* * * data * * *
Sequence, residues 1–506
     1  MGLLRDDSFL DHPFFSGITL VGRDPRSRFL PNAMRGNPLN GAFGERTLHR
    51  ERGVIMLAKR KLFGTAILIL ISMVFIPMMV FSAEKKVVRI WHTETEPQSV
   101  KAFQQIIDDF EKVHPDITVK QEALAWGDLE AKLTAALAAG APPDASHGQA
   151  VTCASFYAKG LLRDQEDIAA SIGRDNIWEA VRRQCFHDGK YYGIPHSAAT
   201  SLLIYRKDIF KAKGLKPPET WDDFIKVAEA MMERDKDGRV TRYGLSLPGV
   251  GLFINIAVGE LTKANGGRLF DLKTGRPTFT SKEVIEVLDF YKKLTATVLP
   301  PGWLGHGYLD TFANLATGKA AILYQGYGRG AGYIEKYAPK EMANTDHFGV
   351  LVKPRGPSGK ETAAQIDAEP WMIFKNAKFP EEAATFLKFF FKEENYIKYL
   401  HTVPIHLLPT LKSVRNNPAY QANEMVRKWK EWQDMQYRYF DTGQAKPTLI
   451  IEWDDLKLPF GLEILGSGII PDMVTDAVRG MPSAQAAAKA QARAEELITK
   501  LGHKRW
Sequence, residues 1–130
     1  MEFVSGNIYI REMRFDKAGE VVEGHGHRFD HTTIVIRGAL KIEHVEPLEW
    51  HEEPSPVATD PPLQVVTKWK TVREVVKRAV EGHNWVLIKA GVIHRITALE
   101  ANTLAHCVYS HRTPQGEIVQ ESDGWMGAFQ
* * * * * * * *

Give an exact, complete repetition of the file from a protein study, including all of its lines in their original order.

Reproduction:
Sequence, residues 1–506
     1  MGLLRDDSFL DHPFFSGITL VGRDPRSRFL PNAMRGNPLN GAFGERTLHR
    51  ERGVIMLAKR KLFGTAILIL ISMVFIPMMV FSAEKKVVRI WHTETEPQSV
   101  KAFQQIIDDF EKVHPDITVK QEALAWGDLE AKLTAALAAG APPDASHGQA
   151  VTCASFYAKG LLRDQEDIAA SIGRDNIWEA VRRQCFHDGK YYGIPHSAAT
   201  SLLIYRKDIF KAKGLKPPET WDDFIKVAEA MMERDKDGRV TRYGLSLPGV
   251  GLFINIAVGE LTKANGGRLF DLKTGRPTFT SKEVIEVLDF YKKLTATVLP
   301  PGWLGHGYLD TFANLATGKA AILYQGYGRG AGYIEKYAPK EMANTDHFGV
   351  LVKPRGPSGK ETAAQIDAEP WMIFKNAKFP EEAATFLKFF FKEENYIKYL
   401  HTVPIHLLPT LKSVRNNPAY QANEMVRKWK EWQDMQYRYF DTGQAKPTLI
   451  IEWDDLKLPF GLEILGSGII PDMVTDAVRG MPSAQAAAKA QARAEELITK
   501  LGHKRW
Sequence, residues 1–130
     1  MEFVSGNIYI REMRFDKAGE VVEGHGHRFD HTTIVIRGAL KIEHVEPLEW
    51  HEEPSPVATD PPLQVVTKWK TVREVVKRAV EGHNWVLIKA GVIHRITALE
   101  ANTLAHCVYS HRTPQGEIVQ ESDGWMGAFQ